After my excitement for this series had been rekindled by Destroy Me, I was really looking forward to Unravel Me. I was sure my dislike of Shatter Me was a situational thing; I must have disliked it because of the headspace I was in when I read it! And then I realized it wasn't Unravel Me per se that I disliked, but it's heroine; it's pathetically whiney, dependent and frail heroine who showed no little growth since Shatter Me.
Before I get into all of the reasons why Juliette has ruined this series for me, I would like to comment on the one thing things I did enjoy in Unravel Me. With its stream of consciousness narration, Unravel Me manages to succeed at being incredibly fast-paced, even though almost nothing is happening during its 400+ pages. I will admit to skimming over most of Juliette's angsty monologues about feeling inadequate, which means I probably skimmed over most of Unravel Me, but thanks to almost nonexistent punctuation in between Juliettes' thoughts, Unravel Me reads surprisingly quickly for its lengthier size. Mafi's prose, while definitely of the purple nature, is also quite pretty even though it rarely makes sense.
"It's the kind of kiss that makes you realize oxygen is overrated."
This is where I almost put the book down. I should have known then, but I was promised a world of delights if I read through until Chapter 62, so I persevered.
As for Juliette, I'm going to quote from my review of Shatter Me, since it seems appropriate here:
"For the vast majority of the book, she spends her time crying/trembling/gasping/blushing, all while adamantly refusing to understand how anyone, but especially Adam, could care for her. This type of behaviour I could have forgiven, had she shown any growth. But it wasn't until the last few chapters that she went from being a weak, ridiculously melodramatic and frustratingly insecure protagonist into one with the glimmer of something resembling strength."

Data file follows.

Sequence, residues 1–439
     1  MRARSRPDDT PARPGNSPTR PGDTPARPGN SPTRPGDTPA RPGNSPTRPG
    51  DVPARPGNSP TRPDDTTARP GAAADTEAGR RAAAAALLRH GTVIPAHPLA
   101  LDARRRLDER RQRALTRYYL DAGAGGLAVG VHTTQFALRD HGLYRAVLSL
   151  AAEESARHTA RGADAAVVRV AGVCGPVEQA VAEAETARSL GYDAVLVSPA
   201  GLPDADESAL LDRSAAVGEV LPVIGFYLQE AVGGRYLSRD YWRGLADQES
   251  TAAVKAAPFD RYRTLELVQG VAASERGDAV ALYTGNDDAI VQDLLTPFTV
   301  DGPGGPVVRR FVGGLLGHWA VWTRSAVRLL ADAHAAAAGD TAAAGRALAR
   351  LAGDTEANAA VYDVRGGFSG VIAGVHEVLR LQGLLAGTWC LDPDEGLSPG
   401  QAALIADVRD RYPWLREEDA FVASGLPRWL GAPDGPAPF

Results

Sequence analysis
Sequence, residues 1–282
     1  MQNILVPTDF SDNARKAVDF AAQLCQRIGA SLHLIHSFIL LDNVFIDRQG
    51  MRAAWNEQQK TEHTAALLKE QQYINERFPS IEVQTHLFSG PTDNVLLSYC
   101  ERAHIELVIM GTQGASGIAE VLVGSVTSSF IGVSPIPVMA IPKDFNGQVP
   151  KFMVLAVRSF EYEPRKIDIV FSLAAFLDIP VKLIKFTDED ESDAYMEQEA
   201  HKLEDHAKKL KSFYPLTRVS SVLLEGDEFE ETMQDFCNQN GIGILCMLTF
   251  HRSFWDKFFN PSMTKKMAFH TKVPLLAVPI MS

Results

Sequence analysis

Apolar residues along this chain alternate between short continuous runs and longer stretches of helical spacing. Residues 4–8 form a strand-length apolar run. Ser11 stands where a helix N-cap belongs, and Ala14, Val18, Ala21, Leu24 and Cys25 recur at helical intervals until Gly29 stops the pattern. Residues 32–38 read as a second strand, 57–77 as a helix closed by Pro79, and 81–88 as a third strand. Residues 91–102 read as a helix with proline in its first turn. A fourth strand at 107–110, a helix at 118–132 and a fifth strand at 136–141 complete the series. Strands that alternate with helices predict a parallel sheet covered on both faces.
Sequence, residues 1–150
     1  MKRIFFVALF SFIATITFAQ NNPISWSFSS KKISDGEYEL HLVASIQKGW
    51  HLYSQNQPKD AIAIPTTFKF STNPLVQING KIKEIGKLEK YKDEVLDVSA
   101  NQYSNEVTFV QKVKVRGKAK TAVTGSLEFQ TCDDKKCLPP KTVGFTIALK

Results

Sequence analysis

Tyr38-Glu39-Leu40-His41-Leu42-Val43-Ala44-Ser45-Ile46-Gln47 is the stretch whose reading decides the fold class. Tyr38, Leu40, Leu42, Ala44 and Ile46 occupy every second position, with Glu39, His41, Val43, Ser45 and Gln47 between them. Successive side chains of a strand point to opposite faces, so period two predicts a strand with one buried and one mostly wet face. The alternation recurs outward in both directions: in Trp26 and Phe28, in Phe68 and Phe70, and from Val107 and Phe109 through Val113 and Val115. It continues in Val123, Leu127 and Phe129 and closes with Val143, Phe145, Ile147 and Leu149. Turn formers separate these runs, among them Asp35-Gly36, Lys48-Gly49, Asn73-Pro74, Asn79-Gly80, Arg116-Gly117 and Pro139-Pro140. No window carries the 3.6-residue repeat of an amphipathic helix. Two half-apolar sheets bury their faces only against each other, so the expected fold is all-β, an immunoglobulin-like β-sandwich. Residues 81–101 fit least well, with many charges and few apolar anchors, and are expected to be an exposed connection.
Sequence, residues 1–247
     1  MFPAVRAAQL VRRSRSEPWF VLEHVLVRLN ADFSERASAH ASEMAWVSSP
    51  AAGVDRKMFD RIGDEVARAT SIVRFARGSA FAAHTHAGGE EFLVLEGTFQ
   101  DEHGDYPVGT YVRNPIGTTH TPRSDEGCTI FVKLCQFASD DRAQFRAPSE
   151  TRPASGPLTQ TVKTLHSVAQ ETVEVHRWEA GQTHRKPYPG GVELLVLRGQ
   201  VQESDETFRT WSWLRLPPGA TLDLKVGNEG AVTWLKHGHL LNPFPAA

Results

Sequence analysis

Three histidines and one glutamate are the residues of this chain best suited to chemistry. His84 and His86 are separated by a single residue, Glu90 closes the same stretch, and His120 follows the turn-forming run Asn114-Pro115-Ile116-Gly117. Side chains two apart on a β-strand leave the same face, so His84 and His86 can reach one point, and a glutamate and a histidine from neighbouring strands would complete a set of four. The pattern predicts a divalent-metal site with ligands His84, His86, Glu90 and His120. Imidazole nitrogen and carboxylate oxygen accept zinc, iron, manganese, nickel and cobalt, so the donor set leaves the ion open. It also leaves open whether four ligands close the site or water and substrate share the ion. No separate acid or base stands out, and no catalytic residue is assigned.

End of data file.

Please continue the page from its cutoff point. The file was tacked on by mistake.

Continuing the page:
It's surprising that I could have written that without my quotation marks, you wouldn't have known it had come from a review of a different book! Juliette has seen absolutely no growth since Shatter Me; the description I posted above is equally as fitting in Unravel Me. You know how I know Juliette is supposed to have grown? Because she tells me so!
"I've come to realize that being away from him has forced me to rely on myself. To allow myself to be scared and to find my own way through it. I've had to train without him, fight without him, face Warner and Anderson and the chaos of my mind all without him by my side. And I feel different now. I feel stronger since putting space between us.
And I don't know what that means.
All I know is that it'll never be safe for me to rely on someone else again, to need constant reassurance of who I am and who I might someday be. I can love him, but I can't depend on him to be my backbone. I can't be my own person if I constantly require someone else to hold me together."
But guess what she was doing ten pages previous to this enlightenment? Sobbing on her knees, trembling in fright, and relying on someone else to pick her up.
I understand that Juliette had a tough childhood. I understand that she was tortured at a young age and that there will be psychological repercussions because of it. I understand that this might lead to moments of confusion/angst/self-pity/etc. But understanding and believing are two different things. I didn't believe that Juliette was acting out of some deep psychological torment when she played mind games with both Adam and Warner. I didn't believe that Juliette thought herself a monster, and that was the reason she was so afraid to learn how to control her abilities. And I didn't believe in her inner strength because every time she was pushed, she fell to the ground, crying.
As for chapter 62, I was too distracted by Juliette's complete and utter betrayal to enjoy any of it.show more
by Pretty Little Reader